Ash Patel: Yes, I love that philosophy, and the same applies for multifamily. But it seems like there’s just no niche in multifamily that’s not highly sought after, even under 40, 50 units.
Charlotte Dunford: Exactly. That’s because multifamily maybe is not a niche. It’s become a major market. For mobile home parks, it’s different.
Ash Patel: So now when you dispose of these mobile home parks, does it make it more challenging because there are not that many players in that arena?
Charlotte Dunford: No, actually. There are a lot of… You’re talking about exiting, right? So I’ve already sold one and am in the process of selling another one, another two actually, and one of them will be closing soon. So no, I think the players — you probably wouldn’t want to sell it to institutional buyers, because those people will probably want bigger ones. If they do buy it, they probably want a big portfolio. So that’s another thing – you can group it and sell it together in a bigger package. Actually, it’s not that challenging to sell it, it’s just you have to find the right buyer. Even in the loan approval process – a lot of people think that there might be difficulties finding a loan to finance the buyer, but we have sold a couple and both times the loan has been approved with no issues. So it just depends on the buyer that you’re going after.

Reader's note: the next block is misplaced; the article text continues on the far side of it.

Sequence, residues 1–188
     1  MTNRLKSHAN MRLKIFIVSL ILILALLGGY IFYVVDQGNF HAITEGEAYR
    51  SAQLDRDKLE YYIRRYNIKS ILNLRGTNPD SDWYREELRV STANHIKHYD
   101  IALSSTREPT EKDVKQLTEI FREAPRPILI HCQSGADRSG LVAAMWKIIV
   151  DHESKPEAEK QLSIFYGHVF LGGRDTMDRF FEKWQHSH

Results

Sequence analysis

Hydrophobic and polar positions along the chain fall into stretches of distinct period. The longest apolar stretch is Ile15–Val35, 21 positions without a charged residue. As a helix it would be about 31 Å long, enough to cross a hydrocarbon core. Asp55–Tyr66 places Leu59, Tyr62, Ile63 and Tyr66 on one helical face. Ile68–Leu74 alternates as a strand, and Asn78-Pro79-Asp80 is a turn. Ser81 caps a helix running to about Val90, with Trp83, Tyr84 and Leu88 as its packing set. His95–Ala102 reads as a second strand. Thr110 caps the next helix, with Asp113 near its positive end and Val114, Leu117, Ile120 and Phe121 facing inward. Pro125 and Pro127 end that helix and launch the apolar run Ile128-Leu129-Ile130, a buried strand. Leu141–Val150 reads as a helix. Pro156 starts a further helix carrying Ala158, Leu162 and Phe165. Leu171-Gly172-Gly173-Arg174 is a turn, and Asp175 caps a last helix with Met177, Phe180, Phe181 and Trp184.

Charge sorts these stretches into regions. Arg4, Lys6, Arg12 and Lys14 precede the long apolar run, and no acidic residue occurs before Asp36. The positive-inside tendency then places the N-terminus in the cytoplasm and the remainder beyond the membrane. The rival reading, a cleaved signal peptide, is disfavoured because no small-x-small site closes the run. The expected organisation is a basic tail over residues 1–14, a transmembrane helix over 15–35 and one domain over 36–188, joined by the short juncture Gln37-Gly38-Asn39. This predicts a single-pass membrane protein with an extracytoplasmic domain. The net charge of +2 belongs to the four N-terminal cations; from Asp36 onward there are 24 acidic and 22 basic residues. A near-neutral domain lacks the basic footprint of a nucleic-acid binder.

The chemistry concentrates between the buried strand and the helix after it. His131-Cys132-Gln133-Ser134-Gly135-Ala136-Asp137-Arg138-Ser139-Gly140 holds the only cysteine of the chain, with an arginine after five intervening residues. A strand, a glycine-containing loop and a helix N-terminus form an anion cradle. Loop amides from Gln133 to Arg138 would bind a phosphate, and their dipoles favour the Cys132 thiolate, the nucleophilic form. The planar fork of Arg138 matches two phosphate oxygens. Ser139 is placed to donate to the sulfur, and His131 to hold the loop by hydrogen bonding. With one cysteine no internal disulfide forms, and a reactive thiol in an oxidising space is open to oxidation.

Break: [00:08:37] – [00:10:16]
Ash Patel: Do you have to use local lenders for this type of asset?
Charlotte Dunford: Actually, for all of our deals, I would never use a lender on all of our 24 deals. It’s very interesting. We either buy cash, because they’re small, they’re inexpensive, and we have a lot of private equity; that’s our capital. We have people subscribing to this deal, so most of them are cash or seller finance. Because in the world of small mobile home parks, it’s a lot easier to get seller financing, than let’s say multifamily… Because a lot of banks don’t really want to lend on a small to medium level mobile home park; they would rather lend on a same price single-family home. That’s like a $400,000 single-family home versus a $400,000 small to medium level mobile home park. That single-family home is a lot less risky from the lender’s perspective, but they don’t want to lend on it. So that gives the buyers a lot of chances to get seller financing, because sellers know it will be difficult to get kind of traditional financing. But the landscaping is changing now, because lenders are getting more comfortable with this asset class, and you’re more likely to get more loans; but you can still buy cash and seller finance. A lot of our deals are either cash or seller finance.
Ash Patel: What percentage of the deal does a seller typically hold back in terms of seller financing?
Charlotte Dunford: I think the best deals we’ve gotten vary from 30% to 50% down. We’ve had — one of our first deals actually, we got 35% down, 3% interest rate, 30-year amortization, and a 10-year balloon. So it’s extremely attractive terms, really not bad terms, even for lending commercially.
Ash Patel: Charlotte, what do you look for when you find a small mobile home park?
Charlotte Dunford: There are a set of requirements. We have a proprietary algorithm in-house to determine the score of each deal, to make sure that it passes the system. Some of the major things that we look for is, first of all, the ratio of a… Sorry, I’m a little sick; you can tell from my voice. Tenant-owned homes versus park-owned homes. A tenant-owned home means the tenant owns the mobile home, and they’re just paying a parking lot fee to the park; that is the ideal situation.